Accumulated depreciation in a trial balance

    Accumulated Depreciation

    As mentioned earlier the accumulated depreciation is the sum total of depreciation that an entity has expensed in its profit and loss statement till that date. It’s basically a contra asset account as it reduces the balance in the asset account.

    Illustrative Example,

    Prepare a trial balance of Mr Allen on the basis of given heads of accounts –

    Particulars

    Amount

    Capital1,00,000
    Sales1,20,000
    Purchases1,10,000
    Sales Return20,000
    Fixed Assets1,00,000
    Cash at bank10,000
    Accumulated Depreciation20,000

    Solution :

    Accumulated Depreciation in trial balance


    Aastha Mehta.

     

     

     

     

     

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  1. Provision for Depreciation in the Trial Balance A trial balance shows provision for depreciation as a "credit item". The value of most of the assets reduces over a period of time. It's a common practice to record the assets at its historical cost but over a period of time, does the value of asset reRead more

    Provision for Depreciation in the Trial Balance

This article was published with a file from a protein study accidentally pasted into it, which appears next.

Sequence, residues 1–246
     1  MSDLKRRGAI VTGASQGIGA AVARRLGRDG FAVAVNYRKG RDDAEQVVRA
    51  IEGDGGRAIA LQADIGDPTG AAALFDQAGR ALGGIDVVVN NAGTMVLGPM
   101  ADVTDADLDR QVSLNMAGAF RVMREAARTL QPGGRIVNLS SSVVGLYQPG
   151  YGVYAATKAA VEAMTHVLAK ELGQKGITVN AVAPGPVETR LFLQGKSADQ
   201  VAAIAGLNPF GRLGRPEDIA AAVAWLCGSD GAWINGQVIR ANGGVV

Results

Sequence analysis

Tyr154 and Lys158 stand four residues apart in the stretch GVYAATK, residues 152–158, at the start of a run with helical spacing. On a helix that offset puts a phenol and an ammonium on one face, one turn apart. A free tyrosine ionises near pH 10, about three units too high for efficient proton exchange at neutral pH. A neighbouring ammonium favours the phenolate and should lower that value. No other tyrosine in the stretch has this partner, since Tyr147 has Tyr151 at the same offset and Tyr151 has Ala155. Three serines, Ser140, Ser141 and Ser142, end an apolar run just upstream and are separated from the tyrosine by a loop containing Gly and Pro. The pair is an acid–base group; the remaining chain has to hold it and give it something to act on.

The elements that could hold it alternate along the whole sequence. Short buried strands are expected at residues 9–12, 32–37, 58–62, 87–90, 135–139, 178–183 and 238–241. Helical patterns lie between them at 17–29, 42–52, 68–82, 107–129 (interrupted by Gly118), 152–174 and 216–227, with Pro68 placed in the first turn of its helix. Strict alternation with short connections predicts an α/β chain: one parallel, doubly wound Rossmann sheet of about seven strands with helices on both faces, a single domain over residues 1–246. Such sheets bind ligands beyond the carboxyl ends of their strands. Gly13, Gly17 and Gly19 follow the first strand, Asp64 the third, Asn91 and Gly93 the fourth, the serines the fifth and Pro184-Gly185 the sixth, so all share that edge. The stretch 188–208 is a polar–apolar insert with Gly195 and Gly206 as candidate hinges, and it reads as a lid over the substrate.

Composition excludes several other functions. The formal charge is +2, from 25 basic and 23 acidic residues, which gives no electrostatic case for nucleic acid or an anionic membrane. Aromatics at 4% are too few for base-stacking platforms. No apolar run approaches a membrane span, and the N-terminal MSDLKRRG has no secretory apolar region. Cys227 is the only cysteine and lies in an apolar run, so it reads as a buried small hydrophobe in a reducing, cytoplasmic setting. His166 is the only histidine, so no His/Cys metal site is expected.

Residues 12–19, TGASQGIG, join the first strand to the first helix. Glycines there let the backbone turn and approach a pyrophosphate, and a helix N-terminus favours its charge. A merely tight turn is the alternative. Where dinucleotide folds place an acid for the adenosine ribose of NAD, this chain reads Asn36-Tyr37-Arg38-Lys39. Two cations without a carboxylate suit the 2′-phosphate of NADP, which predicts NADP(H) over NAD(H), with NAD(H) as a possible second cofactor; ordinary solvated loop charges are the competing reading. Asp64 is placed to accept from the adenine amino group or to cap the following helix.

A trial balance shows provision for depreciation as a “credit item”. The value of most of the assets reduces over a period of time. It’s a common practice to record the assets at its historical cost but over a period of time, does the value of asset remain the same as at the time of its purchase?

    Obviously “Not”. So, if the asset has a debit balance then the provision for depreciation can not have a debit balance i.e it is bound to have a credit balance.

    The below-given image would also be of great help to understand the above para.

    provision for depreciation in trial balance

    What is Provision for Depreciation?

    The fixed assets are depreciated over a period of time. Depreciation while is deducted from an income statement every year it is not deducted from an asset rather it is recorded on the liability side as accumulated depreciation or provision for depreciation. It’s a contra asset.

    To find the net book value at the time of disposal of the asset or year-end or revaluation etc. one needs to subtract the provision for depreciation account balance from the historical cost of the asset. Such provision being a contra asset has a credit balance.